KUALA LUMPUR (Oct 7): The FBM KLCI rose 26.74 points or 1.61% as crude oil prices recovered above US$50 a barrel and as the ringgit gained as much as 4.5% versus the US dollar.
The ringgit appreciated amid a stop-loss selling of the US dollar. At 5pm, the KLCI closed at 1,689.25 points, lifted by oil and gas and banking stocks such as SapuraKencana Petroleum Bhd and CIMB Group Holdings Bhd.
Jupiter Securities Sdn Bhd chief market strategist Benny Lee said the "strengthening of the ringgit and higher oil prices have boosted market confidence".
"As we are in last quarter now, we expect there will be window dressing. This is coupled with the expectation of the RM20 billion injection into ValueCap to boost the market," Lee told theedgemarkets.com.
The KLCI extended gains after rising 14.92 points or 0.91% yesterday to 1,662.51.
In currency markets today, the ringgit appreciated to its strongest point versus the US dollar at 4.1745, Bloomberg data showed. Yesterday, the exchange rate closed at 4.3710.
Today, Bloomberg reported that the ringgit strengthened the most since 1998 as Malaysia reported its biggest trade surplus in nine months and as crude oil prices climbed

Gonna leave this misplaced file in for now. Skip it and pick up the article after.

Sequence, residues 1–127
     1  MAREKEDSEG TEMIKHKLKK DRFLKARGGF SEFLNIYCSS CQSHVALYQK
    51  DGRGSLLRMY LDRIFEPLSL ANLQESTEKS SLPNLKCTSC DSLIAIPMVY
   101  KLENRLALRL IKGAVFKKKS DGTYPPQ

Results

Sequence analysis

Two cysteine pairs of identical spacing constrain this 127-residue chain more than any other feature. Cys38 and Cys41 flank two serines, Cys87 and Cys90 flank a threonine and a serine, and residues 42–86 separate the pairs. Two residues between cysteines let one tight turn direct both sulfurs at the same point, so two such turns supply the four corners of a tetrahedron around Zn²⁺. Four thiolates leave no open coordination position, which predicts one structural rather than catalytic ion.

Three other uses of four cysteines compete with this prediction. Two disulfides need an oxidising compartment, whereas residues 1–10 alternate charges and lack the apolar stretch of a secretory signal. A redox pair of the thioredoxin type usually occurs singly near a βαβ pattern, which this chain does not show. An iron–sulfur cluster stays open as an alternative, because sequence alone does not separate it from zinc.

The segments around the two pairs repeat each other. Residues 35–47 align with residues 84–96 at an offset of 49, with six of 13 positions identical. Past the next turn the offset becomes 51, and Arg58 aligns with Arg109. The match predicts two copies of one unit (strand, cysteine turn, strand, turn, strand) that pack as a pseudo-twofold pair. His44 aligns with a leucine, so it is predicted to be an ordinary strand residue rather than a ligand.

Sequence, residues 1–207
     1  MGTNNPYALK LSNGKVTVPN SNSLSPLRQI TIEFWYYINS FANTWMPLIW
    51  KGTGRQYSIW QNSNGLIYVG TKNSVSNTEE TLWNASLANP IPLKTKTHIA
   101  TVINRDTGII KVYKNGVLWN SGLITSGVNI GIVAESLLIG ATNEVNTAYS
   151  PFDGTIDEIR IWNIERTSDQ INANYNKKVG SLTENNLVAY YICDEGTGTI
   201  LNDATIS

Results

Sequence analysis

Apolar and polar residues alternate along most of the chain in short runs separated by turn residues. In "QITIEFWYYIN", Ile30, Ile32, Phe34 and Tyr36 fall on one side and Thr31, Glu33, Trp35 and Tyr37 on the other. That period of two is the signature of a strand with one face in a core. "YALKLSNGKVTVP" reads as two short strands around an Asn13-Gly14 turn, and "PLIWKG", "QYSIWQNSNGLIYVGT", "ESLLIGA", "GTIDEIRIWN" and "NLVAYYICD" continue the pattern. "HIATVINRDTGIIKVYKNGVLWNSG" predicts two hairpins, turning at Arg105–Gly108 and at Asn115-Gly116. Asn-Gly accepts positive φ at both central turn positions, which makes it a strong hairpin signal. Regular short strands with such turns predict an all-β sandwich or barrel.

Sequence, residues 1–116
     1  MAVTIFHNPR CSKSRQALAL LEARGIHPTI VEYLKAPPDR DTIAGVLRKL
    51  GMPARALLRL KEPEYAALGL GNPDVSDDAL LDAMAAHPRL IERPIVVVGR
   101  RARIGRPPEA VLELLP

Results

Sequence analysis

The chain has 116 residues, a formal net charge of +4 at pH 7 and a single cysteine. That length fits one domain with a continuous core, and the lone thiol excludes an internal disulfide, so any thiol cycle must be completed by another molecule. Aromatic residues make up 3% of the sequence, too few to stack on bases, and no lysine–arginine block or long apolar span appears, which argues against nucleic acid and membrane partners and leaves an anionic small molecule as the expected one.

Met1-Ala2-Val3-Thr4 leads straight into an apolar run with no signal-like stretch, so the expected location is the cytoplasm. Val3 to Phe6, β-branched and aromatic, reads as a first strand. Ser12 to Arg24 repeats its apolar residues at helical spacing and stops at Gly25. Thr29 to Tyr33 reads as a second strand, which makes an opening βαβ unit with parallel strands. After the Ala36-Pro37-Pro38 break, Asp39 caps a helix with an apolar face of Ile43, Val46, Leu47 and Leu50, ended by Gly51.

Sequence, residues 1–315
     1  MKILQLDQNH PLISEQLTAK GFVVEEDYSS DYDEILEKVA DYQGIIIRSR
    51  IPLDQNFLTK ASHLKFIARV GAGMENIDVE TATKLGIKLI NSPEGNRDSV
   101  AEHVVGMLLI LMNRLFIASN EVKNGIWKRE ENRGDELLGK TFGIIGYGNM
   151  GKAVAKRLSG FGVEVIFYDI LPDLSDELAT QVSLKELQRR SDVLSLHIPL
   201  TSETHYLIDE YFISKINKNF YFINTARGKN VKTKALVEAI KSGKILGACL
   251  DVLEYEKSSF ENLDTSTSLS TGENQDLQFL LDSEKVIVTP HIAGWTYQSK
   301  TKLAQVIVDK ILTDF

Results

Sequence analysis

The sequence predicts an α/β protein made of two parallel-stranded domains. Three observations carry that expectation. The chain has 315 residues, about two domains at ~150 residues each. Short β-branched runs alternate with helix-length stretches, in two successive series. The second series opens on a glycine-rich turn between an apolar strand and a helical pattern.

Reuters reported that oil prices rose on Wednesday after data showed the US market was beginning to tighten, with falling supply and lower inventories after two years of heavy surplus.
The ringgit tracks crude oil prices as the commodity forms a crucial component of the Malaysian economy and government revenue.
Bursa Malaysia saw 2.69 billion shares worth RM3.21 billion traded. The bourse saw 699 gainers outnumbering 223 decliners.
The top gainer was British American Tobacco (M) Bhd while the top decliner was Hang Seng-linked put warrant HSI-HD. Bursa Malaysia's most-active stock was KNM Group Bhd.
Across Asian markets, Hong Kong's Hang Seng increased 3.13%, South Korea's Kospi rose 0.76% while Japan Nikkei 225 rose 0.75%.
Reuters reported that a recovery in oil prices spread to stock markets and emerging market currencies on Wednesday, with the prospect of more support from the world's central banks offsetting more disappointing economic data.
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